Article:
If you’re thinking of trying 5-HTP as a nootropic – rather than as a prescribed medicine to alleviate depression – it’s worthwhile investigating the science behind it. Taken on its own, 5-HTP can provide a short-term increase in the levels of serotonin (the so-called “happiness hormone“) but for longer-term use you need to stack it with other nootropics, such as B-Vitamins – easily obtainable from health food stores.

5-HTP (5-Hydroxytryptophan or oxitriptan) is the amino acid your body makes from tryptophan, which is also the precursor of the hormone melatonin. Tryptophan itself is an essential amino acid, meaning it’s usually obtained through a normal diet. It’s found such foods as egg white, turkey, lamb, chicken, milk, nuts, oats, and cheese – and in certain “superfoods” like seaweed and spirulina.

Essentially, the process is: food – tryptophan – 5-HTP – serotonin. However, it’s not quite as straightforward as that.

The body extracts most of the available serotonin in the intestines – as much as ninety percent of it. Because serotonin can’t cross the blood-brain barrier, the brain makes its own, much smaller amount from 5-HTP which crosses the barrier with ease.


Working as a neurotransmitter, serotonin plays an important role in our well-being and happiness. It helps to regulate bodily functions, such as sleeping, eating, and digesting. Deficiency in serotonin leads directly to mood disorders such as anxiety, emotional instability and depression.

If deficiency is bad, too high a level of serotonin is not good either. It can lead to “carcinoid syndrome,” a serious condition in which the symptoms are flushing, diarrhoea, abdominal pain, and cardiac abnormalities. It’s very important to avoid both this and the normally less serious “serotonin syndrome” which comes with a marked increase in serotonin levels. The symptoms of serotonin syndrome are tremors, aggressiveness, akathisia (a compulsion to be in constant motion) and clonus (muscular spasms).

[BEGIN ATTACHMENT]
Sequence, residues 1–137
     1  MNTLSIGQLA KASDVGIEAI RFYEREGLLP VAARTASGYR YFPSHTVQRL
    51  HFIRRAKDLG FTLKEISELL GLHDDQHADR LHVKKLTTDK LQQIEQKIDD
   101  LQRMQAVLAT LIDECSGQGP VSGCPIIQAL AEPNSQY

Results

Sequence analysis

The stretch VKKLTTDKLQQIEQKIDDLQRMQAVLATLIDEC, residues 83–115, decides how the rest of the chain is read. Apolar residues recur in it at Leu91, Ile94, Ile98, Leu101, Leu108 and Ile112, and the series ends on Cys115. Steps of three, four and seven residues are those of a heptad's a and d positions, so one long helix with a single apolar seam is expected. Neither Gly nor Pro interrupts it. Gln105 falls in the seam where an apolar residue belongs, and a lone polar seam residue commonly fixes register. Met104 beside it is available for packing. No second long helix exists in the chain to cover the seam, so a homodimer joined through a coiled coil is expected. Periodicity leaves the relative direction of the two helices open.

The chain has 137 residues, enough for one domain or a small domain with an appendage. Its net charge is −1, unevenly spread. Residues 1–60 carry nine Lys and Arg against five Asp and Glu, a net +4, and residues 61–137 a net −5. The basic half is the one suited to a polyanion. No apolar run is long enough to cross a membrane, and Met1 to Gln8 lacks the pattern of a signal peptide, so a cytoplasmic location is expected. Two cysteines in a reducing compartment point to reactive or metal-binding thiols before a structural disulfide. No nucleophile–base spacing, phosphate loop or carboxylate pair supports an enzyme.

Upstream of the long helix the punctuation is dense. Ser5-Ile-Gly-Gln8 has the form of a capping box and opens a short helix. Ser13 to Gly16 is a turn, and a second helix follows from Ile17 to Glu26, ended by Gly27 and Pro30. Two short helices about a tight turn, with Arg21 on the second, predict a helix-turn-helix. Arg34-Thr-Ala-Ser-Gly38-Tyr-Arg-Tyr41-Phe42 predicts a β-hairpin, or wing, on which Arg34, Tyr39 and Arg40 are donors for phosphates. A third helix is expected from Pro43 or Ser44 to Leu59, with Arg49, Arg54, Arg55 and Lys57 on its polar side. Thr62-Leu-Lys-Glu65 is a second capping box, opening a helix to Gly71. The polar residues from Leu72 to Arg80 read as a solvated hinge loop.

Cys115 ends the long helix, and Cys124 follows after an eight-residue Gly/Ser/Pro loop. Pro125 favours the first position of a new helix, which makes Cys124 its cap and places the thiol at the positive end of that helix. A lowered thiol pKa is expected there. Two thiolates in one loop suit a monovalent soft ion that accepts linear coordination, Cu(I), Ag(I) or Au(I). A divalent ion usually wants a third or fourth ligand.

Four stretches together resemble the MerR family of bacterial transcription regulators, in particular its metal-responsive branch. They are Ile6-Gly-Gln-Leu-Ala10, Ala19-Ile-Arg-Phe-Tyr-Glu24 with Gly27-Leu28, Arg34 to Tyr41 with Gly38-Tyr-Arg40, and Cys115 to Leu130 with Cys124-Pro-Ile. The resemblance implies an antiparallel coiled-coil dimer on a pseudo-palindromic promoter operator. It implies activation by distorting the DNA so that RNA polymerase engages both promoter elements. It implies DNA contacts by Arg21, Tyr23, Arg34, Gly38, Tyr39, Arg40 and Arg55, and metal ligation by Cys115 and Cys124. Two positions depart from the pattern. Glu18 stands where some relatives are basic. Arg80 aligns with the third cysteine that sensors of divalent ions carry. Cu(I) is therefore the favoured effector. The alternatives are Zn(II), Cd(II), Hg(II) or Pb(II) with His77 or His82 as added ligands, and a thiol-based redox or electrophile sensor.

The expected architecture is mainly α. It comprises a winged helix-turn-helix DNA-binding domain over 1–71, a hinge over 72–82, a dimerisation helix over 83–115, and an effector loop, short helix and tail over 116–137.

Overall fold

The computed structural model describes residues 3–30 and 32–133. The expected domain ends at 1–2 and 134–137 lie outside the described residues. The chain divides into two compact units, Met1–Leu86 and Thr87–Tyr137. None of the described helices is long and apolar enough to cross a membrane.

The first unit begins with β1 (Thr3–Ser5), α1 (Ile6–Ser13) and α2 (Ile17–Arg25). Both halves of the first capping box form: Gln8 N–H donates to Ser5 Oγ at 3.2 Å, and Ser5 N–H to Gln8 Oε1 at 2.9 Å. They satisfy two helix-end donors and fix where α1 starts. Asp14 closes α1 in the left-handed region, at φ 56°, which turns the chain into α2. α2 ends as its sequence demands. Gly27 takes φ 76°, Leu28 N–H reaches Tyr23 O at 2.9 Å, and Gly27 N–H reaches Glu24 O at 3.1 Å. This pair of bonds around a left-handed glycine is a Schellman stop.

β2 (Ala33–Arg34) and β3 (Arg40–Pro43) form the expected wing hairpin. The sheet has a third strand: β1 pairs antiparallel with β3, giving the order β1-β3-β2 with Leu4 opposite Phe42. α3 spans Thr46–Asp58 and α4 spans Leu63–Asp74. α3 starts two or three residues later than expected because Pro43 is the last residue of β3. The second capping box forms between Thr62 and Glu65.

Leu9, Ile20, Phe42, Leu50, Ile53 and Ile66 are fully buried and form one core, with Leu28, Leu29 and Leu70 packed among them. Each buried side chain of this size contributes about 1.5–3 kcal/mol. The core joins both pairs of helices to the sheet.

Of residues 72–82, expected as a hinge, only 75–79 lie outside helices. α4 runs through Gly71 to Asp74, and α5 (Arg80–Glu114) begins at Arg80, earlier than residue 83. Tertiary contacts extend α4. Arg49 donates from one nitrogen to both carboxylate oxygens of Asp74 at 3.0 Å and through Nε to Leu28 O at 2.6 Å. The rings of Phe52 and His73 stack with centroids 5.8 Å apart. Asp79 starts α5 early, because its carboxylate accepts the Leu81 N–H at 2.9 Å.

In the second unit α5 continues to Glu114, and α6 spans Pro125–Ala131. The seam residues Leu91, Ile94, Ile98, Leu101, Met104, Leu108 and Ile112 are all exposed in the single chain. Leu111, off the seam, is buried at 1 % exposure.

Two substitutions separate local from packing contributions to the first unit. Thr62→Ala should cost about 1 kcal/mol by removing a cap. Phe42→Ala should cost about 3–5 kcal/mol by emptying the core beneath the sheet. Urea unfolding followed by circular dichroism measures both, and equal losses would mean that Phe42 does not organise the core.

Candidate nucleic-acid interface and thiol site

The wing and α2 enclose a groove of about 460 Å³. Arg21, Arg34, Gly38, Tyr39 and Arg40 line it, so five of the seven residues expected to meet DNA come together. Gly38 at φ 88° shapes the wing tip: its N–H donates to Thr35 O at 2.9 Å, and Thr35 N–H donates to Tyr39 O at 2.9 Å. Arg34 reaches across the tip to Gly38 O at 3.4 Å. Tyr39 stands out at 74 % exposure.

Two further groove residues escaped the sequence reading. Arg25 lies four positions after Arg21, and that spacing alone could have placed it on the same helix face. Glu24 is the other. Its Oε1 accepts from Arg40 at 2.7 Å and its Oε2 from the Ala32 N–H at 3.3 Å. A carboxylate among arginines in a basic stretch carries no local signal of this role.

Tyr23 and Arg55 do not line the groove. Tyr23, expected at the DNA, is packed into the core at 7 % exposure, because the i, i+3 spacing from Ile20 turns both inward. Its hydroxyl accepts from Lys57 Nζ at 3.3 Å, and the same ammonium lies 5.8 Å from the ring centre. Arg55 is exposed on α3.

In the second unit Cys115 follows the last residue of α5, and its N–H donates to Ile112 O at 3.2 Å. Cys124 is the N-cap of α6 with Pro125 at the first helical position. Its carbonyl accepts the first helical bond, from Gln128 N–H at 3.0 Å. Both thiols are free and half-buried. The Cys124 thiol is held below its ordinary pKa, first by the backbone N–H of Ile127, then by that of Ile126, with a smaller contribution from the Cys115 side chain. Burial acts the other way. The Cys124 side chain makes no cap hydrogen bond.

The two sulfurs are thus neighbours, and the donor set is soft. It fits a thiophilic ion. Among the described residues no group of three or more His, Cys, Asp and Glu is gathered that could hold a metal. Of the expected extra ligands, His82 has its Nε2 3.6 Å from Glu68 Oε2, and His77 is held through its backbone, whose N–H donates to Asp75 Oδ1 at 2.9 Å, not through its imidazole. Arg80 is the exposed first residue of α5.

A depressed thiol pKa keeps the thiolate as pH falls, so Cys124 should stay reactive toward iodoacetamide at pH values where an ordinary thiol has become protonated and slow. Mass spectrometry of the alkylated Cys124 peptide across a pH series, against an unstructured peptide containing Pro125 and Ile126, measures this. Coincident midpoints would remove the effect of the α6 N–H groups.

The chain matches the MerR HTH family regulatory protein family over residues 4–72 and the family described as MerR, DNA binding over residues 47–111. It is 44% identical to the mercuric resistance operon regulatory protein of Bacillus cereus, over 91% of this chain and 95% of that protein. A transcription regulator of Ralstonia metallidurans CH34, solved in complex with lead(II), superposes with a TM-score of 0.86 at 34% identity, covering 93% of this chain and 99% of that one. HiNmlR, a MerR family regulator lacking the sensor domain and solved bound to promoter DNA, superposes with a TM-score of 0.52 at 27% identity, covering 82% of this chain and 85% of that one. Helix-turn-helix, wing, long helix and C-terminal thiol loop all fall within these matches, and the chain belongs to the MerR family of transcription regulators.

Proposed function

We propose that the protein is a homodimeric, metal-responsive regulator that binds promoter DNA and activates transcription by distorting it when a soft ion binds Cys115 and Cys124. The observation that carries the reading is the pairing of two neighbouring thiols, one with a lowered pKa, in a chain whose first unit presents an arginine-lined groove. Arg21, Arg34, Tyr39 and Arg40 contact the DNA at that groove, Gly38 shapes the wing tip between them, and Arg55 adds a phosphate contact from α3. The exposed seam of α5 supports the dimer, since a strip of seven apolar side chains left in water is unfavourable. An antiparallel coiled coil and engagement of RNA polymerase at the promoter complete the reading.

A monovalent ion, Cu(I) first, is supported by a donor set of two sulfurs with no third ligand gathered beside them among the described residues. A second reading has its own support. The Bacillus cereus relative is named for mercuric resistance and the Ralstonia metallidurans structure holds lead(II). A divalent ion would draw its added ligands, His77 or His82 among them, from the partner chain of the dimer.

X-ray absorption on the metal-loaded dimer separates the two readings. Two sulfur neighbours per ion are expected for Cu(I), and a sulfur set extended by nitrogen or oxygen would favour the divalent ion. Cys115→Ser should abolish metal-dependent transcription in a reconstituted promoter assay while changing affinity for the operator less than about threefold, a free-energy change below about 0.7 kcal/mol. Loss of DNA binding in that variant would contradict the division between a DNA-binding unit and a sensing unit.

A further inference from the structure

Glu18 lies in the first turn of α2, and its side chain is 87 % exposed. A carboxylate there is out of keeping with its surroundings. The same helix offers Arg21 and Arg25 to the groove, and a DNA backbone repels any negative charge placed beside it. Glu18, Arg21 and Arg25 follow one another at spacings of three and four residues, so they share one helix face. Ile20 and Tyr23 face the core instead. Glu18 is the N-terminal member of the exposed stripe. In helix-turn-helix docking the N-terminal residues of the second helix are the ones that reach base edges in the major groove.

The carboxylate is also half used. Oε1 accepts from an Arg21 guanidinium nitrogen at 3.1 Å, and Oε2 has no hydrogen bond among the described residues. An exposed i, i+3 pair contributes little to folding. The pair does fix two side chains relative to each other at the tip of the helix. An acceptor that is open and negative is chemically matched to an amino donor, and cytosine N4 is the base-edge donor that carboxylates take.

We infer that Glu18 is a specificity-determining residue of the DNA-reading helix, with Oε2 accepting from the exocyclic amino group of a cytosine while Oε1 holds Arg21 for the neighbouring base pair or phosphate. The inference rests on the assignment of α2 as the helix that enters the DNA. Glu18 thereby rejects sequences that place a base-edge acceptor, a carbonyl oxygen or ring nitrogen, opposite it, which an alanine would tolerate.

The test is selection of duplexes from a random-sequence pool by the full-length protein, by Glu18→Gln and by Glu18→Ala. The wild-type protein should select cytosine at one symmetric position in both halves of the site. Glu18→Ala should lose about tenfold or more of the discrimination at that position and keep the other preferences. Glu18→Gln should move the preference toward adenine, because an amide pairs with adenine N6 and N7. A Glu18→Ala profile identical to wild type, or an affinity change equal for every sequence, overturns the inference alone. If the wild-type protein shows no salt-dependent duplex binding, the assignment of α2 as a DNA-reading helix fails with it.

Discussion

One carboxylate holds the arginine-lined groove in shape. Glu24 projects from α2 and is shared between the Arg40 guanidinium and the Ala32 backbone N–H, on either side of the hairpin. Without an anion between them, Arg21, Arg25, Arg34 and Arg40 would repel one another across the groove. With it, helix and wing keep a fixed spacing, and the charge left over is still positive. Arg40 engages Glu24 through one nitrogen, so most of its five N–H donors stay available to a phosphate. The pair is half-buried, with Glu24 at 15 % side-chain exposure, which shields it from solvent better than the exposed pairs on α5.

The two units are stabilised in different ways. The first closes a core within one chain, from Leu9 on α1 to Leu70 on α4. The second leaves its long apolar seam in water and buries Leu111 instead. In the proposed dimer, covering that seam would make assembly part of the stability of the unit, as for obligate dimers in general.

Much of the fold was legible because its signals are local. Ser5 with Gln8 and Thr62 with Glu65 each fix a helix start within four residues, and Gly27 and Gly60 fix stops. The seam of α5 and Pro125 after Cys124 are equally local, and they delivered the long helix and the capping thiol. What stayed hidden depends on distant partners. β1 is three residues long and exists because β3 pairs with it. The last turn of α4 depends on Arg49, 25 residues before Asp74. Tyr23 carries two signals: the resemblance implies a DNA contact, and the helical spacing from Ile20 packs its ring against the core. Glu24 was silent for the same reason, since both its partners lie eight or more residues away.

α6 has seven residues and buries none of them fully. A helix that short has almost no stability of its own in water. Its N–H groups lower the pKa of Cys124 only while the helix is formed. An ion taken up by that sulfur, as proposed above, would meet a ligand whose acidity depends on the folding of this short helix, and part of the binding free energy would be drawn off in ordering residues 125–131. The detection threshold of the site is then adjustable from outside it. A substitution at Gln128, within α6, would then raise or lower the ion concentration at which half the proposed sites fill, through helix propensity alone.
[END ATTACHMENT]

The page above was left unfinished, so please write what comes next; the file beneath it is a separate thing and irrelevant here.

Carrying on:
Although it can be mild, “serotonin syndrome” can also result in death, as it did in the case of Libby Zion, an 18-year-old who was prescribed pethidine (a synthetic opioid which raises the serotonic levels) even though she was already taking phenelzine (a powerful antidepressant). The physician’s mistake — the result of tiredness — led to the “Libby Zion Law” being introduced in New York State, preventing hospital physicians from working longer than (approx.) 80 hours a week.

The Essential Rule

The rule is: never, ever take a serotonin-boosting nootropic if you’re already taking antidepressants such as the neurotransmitter “reuptake inhibitors” SSRIs and SNRIs; monoamine oxidase inhibitors (MAOIs) which are often prescribed for social anxiety disorder; or St John’s wort or lithium.

SSRIs in particular increase the serotonin levels in the brain by blocking its reabsorption. Our brain cells release the neurotransmitter when they send signals to each other, but they attempt to recycle it each time by taking it back in a “reuptake” process in order to send another message.

Steer clear, too, of analgesics such as tramadol, pethidine (obviously — see above), dextromethorphan and fentanyl. Recreational drugs such as amphetamines and cocaine should not be combined with 5-HTP, nor should antiemetics (used for treating motion sickness and nausea) such as odansetron, and metoclopramide.

Achieving the Optimum Serotonin Level

A doctor can measure the level of serotonin in your blood to check if it’s too high or too low. Broadly speaking it should be in the range of 101 to 283 nanograms/millilitre (ng/mL).

In answer to the question: “Am I getting enough?” you may like to consider your diet and then decide. If you don’t eat meat, fish, eggs or cheese you may not be getting enough of the nutrients which produce 5-HTP and hence serotonin. Equally, some people’s metabolism is not as efficient as others, which then gives them a correspondingly lower amount of 5-HTP from its dietary precursor, tryptophan.

The World Health Organization (WHO) suggests a daily intake of 3.5 milligrams per kilogram of body weight, or approximately 225 milligrams for a 140-pound person. Typically, a North American and Northern European diet has around 1 gram a day of tryptophan, which is in line with the WHO’s figures. In practice, however, hardly anyone eats an “average” diet because we all have our individual preferences. Vegetarians and vegans are at greater risk than others of having a serotonin deficiency.